Superfund:

Issues That Need To Be Addressed Before the Program's Next Reauthorization

T-RCED-92-15: Published: Oct 29, 1991. Publicly Released: Oct 29, 1991.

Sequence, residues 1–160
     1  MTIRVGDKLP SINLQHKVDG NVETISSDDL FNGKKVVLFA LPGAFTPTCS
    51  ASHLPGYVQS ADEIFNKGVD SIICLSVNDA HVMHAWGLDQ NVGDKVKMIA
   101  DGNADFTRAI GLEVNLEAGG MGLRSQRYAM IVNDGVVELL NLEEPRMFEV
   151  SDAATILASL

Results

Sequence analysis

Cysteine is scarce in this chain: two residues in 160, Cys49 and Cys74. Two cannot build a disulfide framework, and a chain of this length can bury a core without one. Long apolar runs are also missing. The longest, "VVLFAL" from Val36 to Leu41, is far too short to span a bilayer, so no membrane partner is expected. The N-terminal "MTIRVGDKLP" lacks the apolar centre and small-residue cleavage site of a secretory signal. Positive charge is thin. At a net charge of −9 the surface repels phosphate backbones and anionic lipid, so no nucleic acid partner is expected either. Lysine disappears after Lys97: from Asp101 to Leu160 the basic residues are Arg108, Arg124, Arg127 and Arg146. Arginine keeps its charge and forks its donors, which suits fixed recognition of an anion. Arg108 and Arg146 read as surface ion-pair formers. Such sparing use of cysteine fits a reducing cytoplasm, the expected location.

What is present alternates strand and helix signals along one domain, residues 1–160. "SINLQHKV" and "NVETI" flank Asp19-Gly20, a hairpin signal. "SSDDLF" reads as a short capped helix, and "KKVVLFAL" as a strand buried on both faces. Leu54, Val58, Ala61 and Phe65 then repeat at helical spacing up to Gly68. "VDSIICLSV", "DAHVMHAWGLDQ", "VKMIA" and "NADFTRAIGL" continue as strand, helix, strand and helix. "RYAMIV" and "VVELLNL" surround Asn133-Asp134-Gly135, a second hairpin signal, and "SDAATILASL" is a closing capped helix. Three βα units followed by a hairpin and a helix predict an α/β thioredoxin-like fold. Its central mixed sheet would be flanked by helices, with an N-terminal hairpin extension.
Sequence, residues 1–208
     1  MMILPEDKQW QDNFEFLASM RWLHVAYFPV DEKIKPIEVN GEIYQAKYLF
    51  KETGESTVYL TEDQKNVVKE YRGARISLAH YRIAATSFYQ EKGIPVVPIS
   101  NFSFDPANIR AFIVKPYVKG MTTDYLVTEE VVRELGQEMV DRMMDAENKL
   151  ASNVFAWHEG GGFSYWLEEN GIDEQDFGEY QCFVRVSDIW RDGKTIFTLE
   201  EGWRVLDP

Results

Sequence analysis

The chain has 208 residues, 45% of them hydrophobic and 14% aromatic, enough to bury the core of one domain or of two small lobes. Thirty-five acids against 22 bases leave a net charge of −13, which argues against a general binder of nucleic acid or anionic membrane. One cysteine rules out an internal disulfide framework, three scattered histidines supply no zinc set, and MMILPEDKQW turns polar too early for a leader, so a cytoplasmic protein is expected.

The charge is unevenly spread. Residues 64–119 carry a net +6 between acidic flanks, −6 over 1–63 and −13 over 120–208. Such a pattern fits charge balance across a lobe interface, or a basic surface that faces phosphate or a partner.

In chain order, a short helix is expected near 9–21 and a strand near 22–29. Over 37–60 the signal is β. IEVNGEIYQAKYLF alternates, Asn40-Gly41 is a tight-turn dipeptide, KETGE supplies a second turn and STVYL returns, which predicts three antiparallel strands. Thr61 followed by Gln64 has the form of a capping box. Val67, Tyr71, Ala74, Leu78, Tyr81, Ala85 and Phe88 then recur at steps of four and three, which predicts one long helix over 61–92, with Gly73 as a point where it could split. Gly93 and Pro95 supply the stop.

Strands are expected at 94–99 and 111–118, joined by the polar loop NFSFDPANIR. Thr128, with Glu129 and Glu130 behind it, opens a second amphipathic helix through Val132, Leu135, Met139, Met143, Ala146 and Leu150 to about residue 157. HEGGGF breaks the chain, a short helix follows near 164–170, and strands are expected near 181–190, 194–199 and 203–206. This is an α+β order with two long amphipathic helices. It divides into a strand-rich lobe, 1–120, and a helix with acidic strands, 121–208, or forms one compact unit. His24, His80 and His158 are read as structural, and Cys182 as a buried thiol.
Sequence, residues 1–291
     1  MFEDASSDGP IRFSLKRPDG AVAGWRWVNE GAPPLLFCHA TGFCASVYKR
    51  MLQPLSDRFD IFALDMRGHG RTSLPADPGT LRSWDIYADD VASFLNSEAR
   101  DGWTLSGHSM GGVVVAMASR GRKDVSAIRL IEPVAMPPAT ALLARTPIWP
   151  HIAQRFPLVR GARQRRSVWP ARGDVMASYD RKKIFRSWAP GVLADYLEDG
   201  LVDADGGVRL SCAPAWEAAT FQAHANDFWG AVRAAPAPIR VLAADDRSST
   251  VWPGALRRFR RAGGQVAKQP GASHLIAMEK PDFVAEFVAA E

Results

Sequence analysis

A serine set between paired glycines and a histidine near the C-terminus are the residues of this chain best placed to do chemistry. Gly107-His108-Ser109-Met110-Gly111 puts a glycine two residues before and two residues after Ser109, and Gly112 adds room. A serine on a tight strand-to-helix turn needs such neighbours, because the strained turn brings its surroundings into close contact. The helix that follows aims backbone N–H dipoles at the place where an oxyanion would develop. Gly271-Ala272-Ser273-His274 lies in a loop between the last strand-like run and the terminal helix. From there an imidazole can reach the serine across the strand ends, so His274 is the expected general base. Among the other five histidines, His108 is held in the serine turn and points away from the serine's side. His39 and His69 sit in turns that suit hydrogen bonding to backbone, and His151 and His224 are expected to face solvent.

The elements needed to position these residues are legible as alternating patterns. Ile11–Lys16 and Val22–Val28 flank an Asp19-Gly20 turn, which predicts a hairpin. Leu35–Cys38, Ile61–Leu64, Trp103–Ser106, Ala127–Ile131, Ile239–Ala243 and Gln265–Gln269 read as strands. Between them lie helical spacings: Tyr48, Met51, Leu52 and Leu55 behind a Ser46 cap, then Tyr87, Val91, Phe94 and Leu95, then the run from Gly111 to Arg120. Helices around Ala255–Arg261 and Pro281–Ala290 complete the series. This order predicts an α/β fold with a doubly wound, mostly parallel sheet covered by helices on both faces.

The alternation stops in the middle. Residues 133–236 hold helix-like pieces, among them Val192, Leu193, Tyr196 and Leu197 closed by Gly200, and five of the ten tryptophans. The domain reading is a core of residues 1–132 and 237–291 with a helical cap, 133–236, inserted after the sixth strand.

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GAO discussed the Environmental Protection Agency's (EPA) Superfund Program, focusing on: (1) the pace of site cleanups; (2) how Superfund costs can be better controlled; (3) whether completed cleanups will successfully protect human health and the environment; and (4) the risks of Superfund sites to human health and the environment. GAO noted that: (1) after 11 years, EPA has finished cleanups at only 63 of the current 1,245 Superfund sites, and clean-up work is underway at an additional 353 sites; (2) to avoid an ever-growing backlog of sites, EPA needs to shorten clean-up study and construction time; (3) only 30 percent of the $7.5 billion total Superfund expenditures through fiscal year 1990 went for actual cleanup operations; (4) EPA has not corrected the problem of excessive contractor indemnification; (5) most Superfund contractors work under cost-reimbursable contracts that promise to pay all of a contractor's allowable cost and provide little incentive for contractors to control their costs; (6) although potential Superfund liability may have made hazardous waste handlers more careful about waste disposal, some Superfund cases have become difficult and time consuming to resolve due to the number of parties involved; (7) with EPA projecting that it will clean up 200 sites by the end of 1993 and 650 by 2000, it needs to focus greater attention on the success of remedies at permanently eliminating or controlling contamination; and (8) EPA has not adequately defined the risks of Superfund sites to human health and the environment.

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